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Russian aid convoy halted as access doubts remain

The Russian humanitarian aid trucks stand idle at a military base in Voronezh while discussions about their route into Ukraine continue. Picture: Getty

The Russian humanitarian aid trucks stand idle at a military base in Voronezh while discussions about their route into Ukraine continue. Picture: Getty

  • by ALEXANDER ROSLYAKOV
 

HUNDREDS of Russian trucks carrying aid intended for rebel-held eastern Ukraine remained parked in the southern city of Voronezh yesterday as doubts grew over the convoy’s final route.

The white-tarpaulined vehicles lay idle at a military base in Voronezh after driving there from the outskirts of Moscow the day before.

Ukraine and Russia have tentatively agreed that the aid will be delivered to a government-controlled crossing in Ukraine’s Kharkiv province, which has not been touched by the months of fighting that have wracked neighbouring regions. However, it remained unclear yesterday whether the convoy would take that route.

Amid the tensions, Russian president Vladimir Putin travelled to Crimea, where he was to chair a session of his security council.

A key sticking point for Ukraine is that all incoming humanitarian aid must be vetted by the International Red Cross. Officials in Kiev said the aid cargo could be unloaded at the border and loaded on to vehicles leased by the Red Cross. But Russian foreign minister Sergey Lavrov said while the unloading idea had come under discussion, it was rejected for cost reasons.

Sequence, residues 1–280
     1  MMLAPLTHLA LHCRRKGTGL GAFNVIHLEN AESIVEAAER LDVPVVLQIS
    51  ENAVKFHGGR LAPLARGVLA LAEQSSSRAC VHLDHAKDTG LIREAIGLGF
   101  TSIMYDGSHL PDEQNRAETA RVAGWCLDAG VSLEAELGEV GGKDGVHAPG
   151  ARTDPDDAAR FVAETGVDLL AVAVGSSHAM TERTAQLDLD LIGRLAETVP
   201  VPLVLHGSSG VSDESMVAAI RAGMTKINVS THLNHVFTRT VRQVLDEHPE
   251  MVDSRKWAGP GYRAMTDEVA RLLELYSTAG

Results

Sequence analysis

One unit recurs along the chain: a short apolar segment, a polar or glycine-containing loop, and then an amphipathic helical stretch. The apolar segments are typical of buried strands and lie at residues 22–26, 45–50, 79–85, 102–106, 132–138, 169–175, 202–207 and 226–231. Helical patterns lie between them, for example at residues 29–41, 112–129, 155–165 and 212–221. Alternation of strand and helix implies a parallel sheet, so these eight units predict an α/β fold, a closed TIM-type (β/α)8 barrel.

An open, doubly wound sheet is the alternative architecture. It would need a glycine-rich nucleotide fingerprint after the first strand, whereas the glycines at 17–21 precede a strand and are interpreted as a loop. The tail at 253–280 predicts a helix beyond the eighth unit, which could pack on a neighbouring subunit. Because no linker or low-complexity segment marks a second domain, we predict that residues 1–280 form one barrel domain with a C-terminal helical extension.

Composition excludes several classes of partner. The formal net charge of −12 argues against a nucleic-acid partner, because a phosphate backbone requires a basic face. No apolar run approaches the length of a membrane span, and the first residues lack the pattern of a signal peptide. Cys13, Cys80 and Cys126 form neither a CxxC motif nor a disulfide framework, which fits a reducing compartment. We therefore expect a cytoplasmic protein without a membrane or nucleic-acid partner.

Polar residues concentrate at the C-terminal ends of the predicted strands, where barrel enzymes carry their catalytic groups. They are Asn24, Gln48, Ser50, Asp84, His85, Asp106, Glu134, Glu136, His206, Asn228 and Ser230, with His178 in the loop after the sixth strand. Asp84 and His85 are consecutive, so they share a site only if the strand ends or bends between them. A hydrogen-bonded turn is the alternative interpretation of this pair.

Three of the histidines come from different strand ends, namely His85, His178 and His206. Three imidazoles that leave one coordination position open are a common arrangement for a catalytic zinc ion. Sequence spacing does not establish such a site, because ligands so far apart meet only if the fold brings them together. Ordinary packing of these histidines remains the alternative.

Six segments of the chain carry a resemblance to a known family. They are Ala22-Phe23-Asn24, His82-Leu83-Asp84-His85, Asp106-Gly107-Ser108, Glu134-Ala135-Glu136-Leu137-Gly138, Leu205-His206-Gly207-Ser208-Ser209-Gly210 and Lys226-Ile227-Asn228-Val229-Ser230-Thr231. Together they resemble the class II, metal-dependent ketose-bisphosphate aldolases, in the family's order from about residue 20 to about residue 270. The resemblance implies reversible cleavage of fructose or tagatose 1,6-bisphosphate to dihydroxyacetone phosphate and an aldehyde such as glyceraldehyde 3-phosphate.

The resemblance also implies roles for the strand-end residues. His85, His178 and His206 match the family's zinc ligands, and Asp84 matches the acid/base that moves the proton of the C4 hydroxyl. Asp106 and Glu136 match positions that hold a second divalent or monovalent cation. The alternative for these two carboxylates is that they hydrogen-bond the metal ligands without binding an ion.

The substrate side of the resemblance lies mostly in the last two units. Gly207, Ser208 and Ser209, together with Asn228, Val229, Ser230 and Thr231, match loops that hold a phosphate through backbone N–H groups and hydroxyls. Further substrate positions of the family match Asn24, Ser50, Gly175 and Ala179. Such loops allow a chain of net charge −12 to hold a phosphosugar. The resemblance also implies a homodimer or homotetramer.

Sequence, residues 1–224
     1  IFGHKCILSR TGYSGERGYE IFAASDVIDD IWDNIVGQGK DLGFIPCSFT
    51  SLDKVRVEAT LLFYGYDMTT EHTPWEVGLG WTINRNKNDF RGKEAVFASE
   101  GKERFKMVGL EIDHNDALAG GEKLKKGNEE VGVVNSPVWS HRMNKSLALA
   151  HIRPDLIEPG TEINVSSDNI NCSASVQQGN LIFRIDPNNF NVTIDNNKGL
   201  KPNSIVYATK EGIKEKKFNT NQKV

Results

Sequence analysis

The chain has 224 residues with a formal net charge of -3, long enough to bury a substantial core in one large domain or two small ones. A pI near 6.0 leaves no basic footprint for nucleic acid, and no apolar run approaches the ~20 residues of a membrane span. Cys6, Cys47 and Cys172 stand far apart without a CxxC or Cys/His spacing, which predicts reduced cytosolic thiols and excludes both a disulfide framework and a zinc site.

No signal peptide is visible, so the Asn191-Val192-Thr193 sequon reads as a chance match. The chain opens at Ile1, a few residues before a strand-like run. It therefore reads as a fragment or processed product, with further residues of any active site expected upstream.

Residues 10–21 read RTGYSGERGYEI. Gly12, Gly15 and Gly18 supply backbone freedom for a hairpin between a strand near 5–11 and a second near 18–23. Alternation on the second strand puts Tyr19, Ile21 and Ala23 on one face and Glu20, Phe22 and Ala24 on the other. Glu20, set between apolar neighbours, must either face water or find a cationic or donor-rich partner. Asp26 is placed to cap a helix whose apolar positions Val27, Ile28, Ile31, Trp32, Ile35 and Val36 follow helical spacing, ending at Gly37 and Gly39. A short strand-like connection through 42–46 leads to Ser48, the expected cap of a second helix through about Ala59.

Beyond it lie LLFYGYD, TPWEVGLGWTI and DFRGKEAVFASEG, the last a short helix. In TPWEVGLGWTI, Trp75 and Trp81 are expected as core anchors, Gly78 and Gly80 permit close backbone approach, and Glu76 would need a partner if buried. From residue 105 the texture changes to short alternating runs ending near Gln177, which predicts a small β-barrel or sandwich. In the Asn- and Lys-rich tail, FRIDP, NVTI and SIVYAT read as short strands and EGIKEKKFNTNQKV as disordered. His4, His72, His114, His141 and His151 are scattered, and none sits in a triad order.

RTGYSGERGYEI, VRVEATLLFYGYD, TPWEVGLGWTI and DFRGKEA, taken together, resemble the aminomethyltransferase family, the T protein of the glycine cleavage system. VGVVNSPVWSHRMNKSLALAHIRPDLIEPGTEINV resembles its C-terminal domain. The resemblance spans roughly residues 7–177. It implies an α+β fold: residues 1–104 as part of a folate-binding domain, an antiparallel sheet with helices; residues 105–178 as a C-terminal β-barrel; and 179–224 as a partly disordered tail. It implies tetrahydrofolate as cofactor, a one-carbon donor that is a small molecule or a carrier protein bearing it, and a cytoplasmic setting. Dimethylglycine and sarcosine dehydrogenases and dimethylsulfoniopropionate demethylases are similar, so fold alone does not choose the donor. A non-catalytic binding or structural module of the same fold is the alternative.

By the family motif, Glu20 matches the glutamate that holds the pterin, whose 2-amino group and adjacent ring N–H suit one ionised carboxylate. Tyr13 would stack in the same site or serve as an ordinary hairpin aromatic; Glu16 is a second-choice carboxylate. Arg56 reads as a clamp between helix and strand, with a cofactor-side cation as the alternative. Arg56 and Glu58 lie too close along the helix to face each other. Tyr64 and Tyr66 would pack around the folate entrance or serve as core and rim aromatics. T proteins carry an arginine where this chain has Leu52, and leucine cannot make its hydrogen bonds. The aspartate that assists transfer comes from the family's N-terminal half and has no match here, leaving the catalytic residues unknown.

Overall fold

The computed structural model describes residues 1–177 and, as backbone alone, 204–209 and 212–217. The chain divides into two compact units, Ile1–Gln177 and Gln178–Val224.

The estimated 2,000 tonnes of aid, which is said to include goods ranging from baby food to portable generators, is ­intended for civilians in the ­Luhansk region, the scene of some of the fiercest fighting ­between government troops and pro-Russian separatists.

The regional capital of Luhansk has had no electricity for 11 days and only the most essential goods are available, city authorities said.

Intense fighting continued in the main rebel-held city of Donetsk. At least 12 militiamen fighting alongside government troops were killed in an ambush outside the besieged city, a spokesman for their radical nationalist movement said.

Inside the city, at least three people were killed overnight as the government intensified its shelling.

Artem Skoropatsky said the Right Sector volunteer fighters were shot dead while travelling on a bus, and many others on the bus were wounded and taken captive. He did not know how many.

Right Sector played a marginal if highly visible role in the protests that culminated in the overthrow of Ukrainian president Viktor Yanukovych in February. Its far-right nationalist affiliations have made it a target of lurid reporting in Russia state media, which has sought to cast the post-Yanukovych government as extremists.

Andriy Lysenko, a spokesman for Ukraine’s national security and defence council, said yesterday that 11 servicemen were killed in the previous day’s fighting, but he could not say whether that figure included the Right Sector militiamen.

Government troops have laid siege to Donetsk and nearby rebel holdings in their push to quash the pro-Russian insurgency. They have largely refrained from street-to-street fighting, ­favouring often inaccurate rocket fire.

Residents said the intermittent artillery barrage lasted about two hours. City authorities reported three deaths and said ten residential buildings and the wing of a hospital were struck.

 

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